I didn’t hate my job, but I wasn’t passionate about it. Growing up, most of us are taught, “Progress in the corporate world as fast as you can because that’s your path to financial freedom.” That never resonated with me because I had done well at work to either get no pay raise or a promotion followed by a demotion and all these things. I’m like, “What am I doing with my life? I’m lucky if I get a 2% to 3% pay increase.” I’m not good but I’m lucky. I could switch jobs and go somewhere else, which I did a couple of times.
I felt stuck. I was running in quicksand or in concrete. I knew there was better stuff out there. I just didn’t know what for the longest time. For me, I was educating myself as much as I could in real estate, financial freedom, and financial education. I wasn’t looking at what’s two years down the road. I was looking at, “What’s 40 years down the road? What’s 30 years down the road? What do I want for me? What do I want for my family?”
My daughter was probably 5, 6, or 7 at that time. It was getting focused on my end goal and my why is my family and providing and giving back to the community, leaving a legacy for my daughter, my wife, and my name. Again, I was stuck for so long that I knew something had to give. I finally discovered real estate and educated myself on being able to passively invest in real estate because everyone knows you can actively invest in it. However, that’s not what I wanted to do because I was in grad school. I was learning about real estate. I have a daughter and a wife. I wanted to say, “I’m sick of working for my money. I want my money to work for me now.” When I found that, again, it was this a-ha moment of, “I feel like I’m finally on the right path after all these years.”
What was it that they got you from the education phase? We talk a lot on the show about not just hearing the word but being a doer as well like it says in the Bible. What got you from being the person getting educated to the point where you said, “I’m going to make the leap. I’m going to start investing, even if it is just passively.” What got you over that hump?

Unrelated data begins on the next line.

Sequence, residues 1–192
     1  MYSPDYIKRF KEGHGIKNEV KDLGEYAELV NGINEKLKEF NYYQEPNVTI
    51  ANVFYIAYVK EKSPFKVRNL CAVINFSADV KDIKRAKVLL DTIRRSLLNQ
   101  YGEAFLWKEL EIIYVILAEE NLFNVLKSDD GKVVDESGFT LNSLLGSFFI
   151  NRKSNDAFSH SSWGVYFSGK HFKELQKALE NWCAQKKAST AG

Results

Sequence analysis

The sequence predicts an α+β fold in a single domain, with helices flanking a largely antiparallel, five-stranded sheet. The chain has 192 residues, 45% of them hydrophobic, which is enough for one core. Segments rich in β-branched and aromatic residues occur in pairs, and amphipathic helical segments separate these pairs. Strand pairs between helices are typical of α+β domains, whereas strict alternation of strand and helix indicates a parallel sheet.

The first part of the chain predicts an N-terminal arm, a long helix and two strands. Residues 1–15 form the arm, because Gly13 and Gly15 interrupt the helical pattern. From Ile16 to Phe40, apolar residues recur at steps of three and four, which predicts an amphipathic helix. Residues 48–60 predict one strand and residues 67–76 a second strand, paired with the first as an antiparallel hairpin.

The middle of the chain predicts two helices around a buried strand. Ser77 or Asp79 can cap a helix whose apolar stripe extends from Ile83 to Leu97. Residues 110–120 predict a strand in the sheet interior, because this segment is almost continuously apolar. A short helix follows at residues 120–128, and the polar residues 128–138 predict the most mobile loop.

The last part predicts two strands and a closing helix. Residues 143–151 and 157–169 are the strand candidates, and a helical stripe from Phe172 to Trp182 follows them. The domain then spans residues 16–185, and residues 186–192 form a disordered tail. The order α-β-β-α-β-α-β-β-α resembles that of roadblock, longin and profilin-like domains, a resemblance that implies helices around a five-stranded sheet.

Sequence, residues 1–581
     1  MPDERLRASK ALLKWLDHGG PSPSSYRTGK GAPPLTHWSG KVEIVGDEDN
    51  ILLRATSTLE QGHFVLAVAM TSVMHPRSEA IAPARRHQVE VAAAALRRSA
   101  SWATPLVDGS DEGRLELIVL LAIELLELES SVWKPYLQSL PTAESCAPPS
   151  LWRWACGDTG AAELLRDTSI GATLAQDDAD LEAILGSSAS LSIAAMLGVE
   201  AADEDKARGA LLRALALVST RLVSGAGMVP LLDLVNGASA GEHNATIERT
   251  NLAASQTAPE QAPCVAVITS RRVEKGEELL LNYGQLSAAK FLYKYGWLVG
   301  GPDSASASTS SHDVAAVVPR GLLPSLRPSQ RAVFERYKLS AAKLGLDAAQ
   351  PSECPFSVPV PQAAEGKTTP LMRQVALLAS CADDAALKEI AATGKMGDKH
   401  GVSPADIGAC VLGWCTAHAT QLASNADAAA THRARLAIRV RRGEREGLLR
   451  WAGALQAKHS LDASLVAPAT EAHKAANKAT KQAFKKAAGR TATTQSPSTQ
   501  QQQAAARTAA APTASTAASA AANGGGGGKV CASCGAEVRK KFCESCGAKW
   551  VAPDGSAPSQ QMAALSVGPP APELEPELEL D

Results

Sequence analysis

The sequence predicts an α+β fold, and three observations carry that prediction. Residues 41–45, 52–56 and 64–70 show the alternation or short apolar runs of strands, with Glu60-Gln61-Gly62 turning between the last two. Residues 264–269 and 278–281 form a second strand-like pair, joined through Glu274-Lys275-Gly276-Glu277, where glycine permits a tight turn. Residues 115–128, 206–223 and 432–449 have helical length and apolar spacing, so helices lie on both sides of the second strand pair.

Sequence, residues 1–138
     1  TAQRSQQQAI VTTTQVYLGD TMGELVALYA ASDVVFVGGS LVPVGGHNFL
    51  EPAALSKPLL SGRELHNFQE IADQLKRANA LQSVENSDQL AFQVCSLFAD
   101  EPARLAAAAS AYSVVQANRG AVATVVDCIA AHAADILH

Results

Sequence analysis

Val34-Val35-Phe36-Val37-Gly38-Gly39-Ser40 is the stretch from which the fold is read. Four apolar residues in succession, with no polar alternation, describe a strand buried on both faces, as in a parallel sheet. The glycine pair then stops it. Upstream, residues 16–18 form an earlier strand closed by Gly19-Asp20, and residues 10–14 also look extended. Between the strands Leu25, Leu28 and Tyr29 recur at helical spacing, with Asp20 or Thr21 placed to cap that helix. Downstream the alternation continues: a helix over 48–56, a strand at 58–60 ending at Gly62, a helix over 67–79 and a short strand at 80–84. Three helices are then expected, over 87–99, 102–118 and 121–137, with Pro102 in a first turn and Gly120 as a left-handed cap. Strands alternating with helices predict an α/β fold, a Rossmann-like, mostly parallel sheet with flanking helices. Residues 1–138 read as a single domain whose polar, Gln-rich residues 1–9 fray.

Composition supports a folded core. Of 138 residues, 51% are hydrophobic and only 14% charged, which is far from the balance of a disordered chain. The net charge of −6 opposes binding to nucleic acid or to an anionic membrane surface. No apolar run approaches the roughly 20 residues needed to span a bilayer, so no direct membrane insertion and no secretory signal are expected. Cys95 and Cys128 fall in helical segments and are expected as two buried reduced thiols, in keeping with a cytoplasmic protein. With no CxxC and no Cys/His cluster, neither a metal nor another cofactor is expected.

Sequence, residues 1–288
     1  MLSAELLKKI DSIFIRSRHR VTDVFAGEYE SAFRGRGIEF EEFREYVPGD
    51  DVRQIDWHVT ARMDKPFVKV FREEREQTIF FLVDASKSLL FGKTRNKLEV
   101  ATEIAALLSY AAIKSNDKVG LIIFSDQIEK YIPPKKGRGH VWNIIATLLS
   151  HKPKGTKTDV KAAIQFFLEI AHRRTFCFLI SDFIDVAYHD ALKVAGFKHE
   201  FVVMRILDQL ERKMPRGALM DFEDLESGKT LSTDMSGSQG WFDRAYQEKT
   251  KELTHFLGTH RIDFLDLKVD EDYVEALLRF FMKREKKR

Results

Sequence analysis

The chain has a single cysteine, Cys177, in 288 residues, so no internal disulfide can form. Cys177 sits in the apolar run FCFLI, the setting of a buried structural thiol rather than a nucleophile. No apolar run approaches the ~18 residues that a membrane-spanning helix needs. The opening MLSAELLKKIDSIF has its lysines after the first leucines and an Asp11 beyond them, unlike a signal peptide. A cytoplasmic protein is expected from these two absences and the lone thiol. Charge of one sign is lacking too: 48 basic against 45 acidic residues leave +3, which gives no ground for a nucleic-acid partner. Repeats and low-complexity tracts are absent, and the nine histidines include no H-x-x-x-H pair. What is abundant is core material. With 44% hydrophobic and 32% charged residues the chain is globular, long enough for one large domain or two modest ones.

To make matters worse, not only was I trying to figure out what I wanted to do. I’m very risk-averse by nature. Analysis paralysis is my middle name. It’s hyphenated. Most people don’t know that. For me, it was finally getting to some experts that I didn’t have to be the person or the guy who was actively flipping the house by myself because I didn’t have the time, the knowledge, or even the money.
When I heard that it was a group of normal people, there were doctors, lawyers, and teachers in there. There are sales reps and IT folks like myself who are experts in this multifamily syndication. The initial team I invested with twice had $3 billion of acquisitions over 100 deals that they had done. I was like, “I don’t have to be the expert, but I can put my money in this pot with other experts who are going to run the property. This is not their first rodeo. They’ve done this over 100 times before. It’s not small deals, but $3 billion worth of properties.”